PARENTS of an eight-year-old primary school pupil were shocked after being called in for questioning by a head teacher over concerns the youngster could be in danger of being “radicalised.”
The school has been accused of over-reacting when Rhys Atkinson said he “wanted to fight terrorists” after watching an item featuring the Syrian refugee crisis on television news.
St Michael and All Angels
Teachers referred Rhys to Wirral Council's children's safeguarding hub over their fears he could be "radicalised."
Dad Mark Atkinson was approached by staff at St Michael & All Angels in Upton as he waited at the school gate for his son.
Mr Atkinson said: “I was called in for a meeting with the head and couldn’t believe what she was telling me.
“I was so much in shock I could barely speak.
"How could the school believe my eight-year-old child could be a terrorist?”
He continued: "The school has been raising money to help with the refugee crisis.
“Rhys came home and told me his form teacher had explained how the crisis had begun.
“I sat him down and we discussed it.
“The next day he went in to school and said he wanted to fight terrorists - then all of a sudden it's being implied by his teachers that he is one.”
Mr Atkinson said staff informed him that several schools in the borough had been visited by counter-terrorism police and told to "look out for signs of radicalisation.”
Wirral Council’s children’s social care multi-agency safeguarding hub was informed of Rhys's remark.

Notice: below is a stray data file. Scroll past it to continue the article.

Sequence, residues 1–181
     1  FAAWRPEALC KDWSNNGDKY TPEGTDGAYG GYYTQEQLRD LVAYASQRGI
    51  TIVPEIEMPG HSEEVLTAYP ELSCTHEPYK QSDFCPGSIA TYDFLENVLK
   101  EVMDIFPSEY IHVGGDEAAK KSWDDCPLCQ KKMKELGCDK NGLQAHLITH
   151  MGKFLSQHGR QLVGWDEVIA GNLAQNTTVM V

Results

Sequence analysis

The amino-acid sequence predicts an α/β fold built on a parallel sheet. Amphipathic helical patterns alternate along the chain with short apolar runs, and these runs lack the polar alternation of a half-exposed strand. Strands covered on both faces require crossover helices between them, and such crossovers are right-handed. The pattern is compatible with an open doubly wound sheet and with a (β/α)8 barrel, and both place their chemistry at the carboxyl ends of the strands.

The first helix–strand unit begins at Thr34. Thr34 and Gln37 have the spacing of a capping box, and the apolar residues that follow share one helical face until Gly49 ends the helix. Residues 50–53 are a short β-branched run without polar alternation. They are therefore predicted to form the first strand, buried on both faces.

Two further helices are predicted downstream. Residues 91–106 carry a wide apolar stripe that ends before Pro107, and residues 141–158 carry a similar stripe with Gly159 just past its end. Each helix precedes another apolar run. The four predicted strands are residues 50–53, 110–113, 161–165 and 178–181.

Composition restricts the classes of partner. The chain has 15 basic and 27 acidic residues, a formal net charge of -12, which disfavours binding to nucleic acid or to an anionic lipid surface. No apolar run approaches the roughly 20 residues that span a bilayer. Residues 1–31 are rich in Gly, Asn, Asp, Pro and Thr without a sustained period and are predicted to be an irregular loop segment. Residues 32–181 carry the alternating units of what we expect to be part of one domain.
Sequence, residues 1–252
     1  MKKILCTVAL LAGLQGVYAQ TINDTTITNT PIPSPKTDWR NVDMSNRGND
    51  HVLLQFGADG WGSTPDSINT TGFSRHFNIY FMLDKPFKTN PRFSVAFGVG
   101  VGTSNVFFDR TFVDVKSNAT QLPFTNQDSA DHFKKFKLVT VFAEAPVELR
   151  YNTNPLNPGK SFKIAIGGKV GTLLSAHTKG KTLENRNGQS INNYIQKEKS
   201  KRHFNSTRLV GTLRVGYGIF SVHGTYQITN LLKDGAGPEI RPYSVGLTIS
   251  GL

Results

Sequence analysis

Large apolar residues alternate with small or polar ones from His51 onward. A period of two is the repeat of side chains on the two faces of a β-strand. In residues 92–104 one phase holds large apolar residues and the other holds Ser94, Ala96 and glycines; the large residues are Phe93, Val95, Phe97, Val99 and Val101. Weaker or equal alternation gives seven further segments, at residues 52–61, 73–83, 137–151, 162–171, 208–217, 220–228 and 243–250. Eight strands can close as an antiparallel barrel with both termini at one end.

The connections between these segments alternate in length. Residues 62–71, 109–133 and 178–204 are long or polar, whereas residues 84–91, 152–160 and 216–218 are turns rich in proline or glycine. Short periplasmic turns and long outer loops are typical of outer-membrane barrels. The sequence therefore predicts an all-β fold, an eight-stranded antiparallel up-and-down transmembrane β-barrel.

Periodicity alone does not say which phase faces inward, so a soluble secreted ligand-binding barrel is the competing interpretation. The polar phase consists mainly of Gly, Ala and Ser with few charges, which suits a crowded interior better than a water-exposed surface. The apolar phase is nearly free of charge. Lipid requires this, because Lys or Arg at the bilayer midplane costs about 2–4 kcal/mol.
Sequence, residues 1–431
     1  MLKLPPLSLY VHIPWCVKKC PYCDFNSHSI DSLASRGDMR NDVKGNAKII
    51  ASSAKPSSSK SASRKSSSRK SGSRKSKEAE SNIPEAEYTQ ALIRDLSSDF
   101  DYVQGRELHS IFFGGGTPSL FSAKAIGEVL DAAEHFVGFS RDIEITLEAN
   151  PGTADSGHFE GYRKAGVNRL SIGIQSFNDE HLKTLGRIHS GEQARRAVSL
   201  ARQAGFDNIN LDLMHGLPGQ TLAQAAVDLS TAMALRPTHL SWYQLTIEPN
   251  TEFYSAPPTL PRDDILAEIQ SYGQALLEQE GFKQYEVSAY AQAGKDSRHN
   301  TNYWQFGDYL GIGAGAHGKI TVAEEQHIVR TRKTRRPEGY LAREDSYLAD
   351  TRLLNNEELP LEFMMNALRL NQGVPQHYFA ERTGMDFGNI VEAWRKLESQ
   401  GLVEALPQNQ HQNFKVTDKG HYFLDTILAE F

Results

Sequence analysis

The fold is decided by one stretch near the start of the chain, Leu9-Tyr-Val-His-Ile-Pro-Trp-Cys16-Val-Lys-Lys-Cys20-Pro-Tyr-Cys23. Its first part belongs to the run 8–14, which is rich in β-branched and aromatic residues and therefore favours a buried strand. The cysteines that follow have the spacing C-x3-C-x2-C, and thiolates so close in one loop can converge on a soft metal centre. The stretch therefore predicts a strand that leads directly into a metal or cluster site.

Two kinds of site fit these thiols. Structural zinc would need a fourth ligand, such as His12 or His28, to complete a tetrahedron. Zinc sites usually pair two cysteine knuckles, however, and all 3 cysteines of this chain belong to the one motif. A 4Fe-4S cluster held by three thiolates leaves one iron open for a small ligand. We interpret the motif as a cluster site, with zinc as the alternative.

A letter sent from the department to Mr Atkinson states it has "information in relation to some comments made by your son in school in relation to terrorism.”
The letter continues “it has also been brought to our attention he plays a violent video game” - an accusation that has been strongly denied by the child’s mother.
Mum Louise, 35, who has separated from Mark, explained Rhys has never played this type of game and had only seen packaging after her partner left one out.
She said the “terrorist” ordeal had been very distressing: “He is very shocked. We all are
"He is putting on a brave face but was confused and didn’t understand if he can still go to school.
“I think they should react to a young child's naive comments like adults and not jump to crazy conclusions. It is idiotic.
"He's an intelligent boy, I just don't understand how they can accuse him of being a terrorist.
"Rhys has been worrying about what he said and says he would never hurt anyone, he just wanted to help.
“I'm furious - I've told him he's done nothing wrong.
"it's completely out of order."
The Globe asked the school to respond but we were directed to Wirral Council.
Julia Hassall, director of children’s services, said: “Because there is a child at the centre of these claims we cannot comment other than to say we will be looking into Mr Atkinson’s claims.
“We will be looking to get the parents, school, and a representative of the multi-agency safeguarding hub together so that we can resolve what has happened to the satisfaction of all concerned.
“The education and well-being of our pupils is paramount and will be the focus of our discussions.”
Mr Atkinson told the Globe the school has since telephoned him to request a meeting but the family did not feel comfortable attending.